Students protest over support cut

Student protestsMany student protesters have been highlighting the axing of the EMA
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Students, lecturers and trade unionists are preparing to protest in about 100 colleges in England against the axing of the education maintenance allowance.

The government plans to scrap the scheme, which is aimed at encouraging poorer pupils to stay in education, from September next year.

Supporters of the EMA, which is worth up to £30 a week, say it stops thousands of students dropping out.

However, ministers say it is an inefficient scheme.

Chancellor George Osborne announced plans to axe the scheme in the spending review, saying it had very high “dead weight costs”.

But numerous studies show the EMA, introduced by Labour, is a key factor in increasing and maintaining the number of young people taking part in education.

Recent research suggests students on EMA miss fewer classes and are more likely to stay on in college than wealthier students, despite the fact they tend to have poorer prior attainment.

The EMA is effective because it is only paid if recipients attend all their classes. Colleges and schools withdraw the week’s money if pupils miss class without a good reason.

And many pupils depend on it to fund their transport, books and even basic living costs.

Save EMA campaign organiser James Mills said many students would drop out of education if the scheme was scrapped.

“When there were problems with the administration of the allowance a couple of years ago I remember lecturers at my college bringing in bags of shopping for pupils who did not get their money,” he said.

Seven trade unions – including the UCU, the NUT, Nasuwt and the ATL – are joining the protests, set to take place at lunchtime in about 100 colleges.

“This will hit some of the poorest and most vulnerable people in our society”

Sally Hunt UCU general secretary

In some cities such as Birmingham and Leicester, and parts of north-west England, as many as four-fifths of students receive the allowance.

One college preparing for a peaceful demonstration is the City of Bath College.

The college’s principle Matt Atkinson said axing EMA would lead to pupils dropping out.

“Where you have got colleges that are serving rural areas, a lot of these young people are using EMAs to actually get to college,” he said.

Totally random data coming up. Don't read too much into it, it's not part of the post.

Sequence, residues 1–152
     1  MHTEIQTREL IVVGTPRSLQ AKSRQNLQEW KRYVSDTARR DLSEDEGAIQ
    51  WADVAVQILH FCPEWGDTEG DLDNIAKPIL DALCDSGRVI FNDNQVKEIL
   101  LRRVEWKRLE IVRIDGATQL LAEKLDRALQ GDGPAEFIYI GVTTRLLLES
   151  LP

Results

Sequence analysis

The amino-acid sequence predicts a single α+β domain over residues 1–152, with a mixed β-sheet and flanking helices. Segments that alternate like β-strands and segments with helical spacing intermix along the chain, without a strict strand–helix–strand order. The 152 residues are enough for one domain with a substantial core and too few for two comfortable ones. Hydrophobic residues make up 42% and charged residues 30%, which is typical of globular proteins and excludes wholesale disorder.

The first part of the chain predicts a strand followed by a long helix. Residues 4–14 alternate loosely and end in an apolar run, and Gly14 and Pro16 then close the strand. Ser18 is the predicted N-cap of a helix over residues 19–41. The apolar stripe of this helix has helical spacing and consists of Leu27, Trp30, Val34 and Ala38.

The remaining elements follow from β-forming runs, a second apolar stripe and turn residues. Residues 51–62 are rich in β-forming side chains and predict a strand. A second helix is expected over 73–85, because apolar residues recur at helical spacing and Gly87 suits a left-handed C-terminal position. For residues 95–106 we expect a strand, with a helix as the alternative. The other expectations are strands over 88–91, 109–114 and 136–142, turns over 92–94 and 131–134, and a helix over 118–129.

“For young people in disadvantaged backgrounds this is a significant contribution to the household income.”

General secretary of the UCU lecturers’ union Sally Hunt said the EMA was a vital lifeline for many students.

“Withdrawing the EMA will hit some of the poorest and most vulnerable people in our society, as well as the colleges that are there to serve them.”

Christine Blower, general secretary of the National Union of Teachers, said if the EMA was axed it would be a disaster for social justice and for the economy.

“Education is the major factor in social mobility, ending the EMA will mean that many students from less well off backgrounds will simply not be able to countenance continuing with further education.”

General secretary of the Nasuwt teaching union Chris Keates said: “The abolition of the EMA is a direct attack on the futures of thousands of young people across the country. They have a right to be angry and to use the democratic process to influence elected representatives to oppose these changes.”

ATL general secretary, Dr Mary Bousted, said: “Cutting the EMA will hit the most disadvantaged students hard and make it impossible for some to stay in education.”

The Association of Colleges shares the concerns and its chief executive Martin Doel has written to Michael Gove asking for him to rethink the plans.

This article is from the BBC News website. © British Broadcasting Corporation, The BBC is not responsible for the content of external internet sites.

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